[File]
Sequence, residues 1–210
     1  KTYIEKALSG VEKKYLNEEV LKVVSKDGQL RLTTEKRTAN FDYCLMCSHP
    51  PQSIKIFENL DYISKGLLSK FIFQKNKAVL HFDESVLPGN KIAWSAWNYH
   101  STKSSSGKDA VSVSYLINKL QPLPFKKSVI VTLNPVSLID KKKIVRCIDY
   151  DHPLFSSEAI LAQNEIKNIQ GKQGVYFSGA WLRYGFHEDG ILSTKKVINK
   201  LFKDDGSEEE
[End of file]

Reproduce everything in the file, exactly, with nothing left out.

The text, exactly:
Sequence, residues 1–210
     1  KTYIEKALSG VEKKYLNEEV LKVVSKDGQL RLTTEKRTAN FDYCLMCSHP
    51  PQSIKIFENL DYISKGLLSK FIFQKNKAVL HFDESVLPGN KIAWSAWNYH
   101  STKSSSGKDA VSVSYLINKL QPLPFKKSVI VTLNPVSLID KKKIVRCIDY
   151  DHPLFSSEAI LAQNEIKNIQ GKQGVYFSGA WLRYGFHEDG ILSTKKVINK
   201  LFKDDGSEEE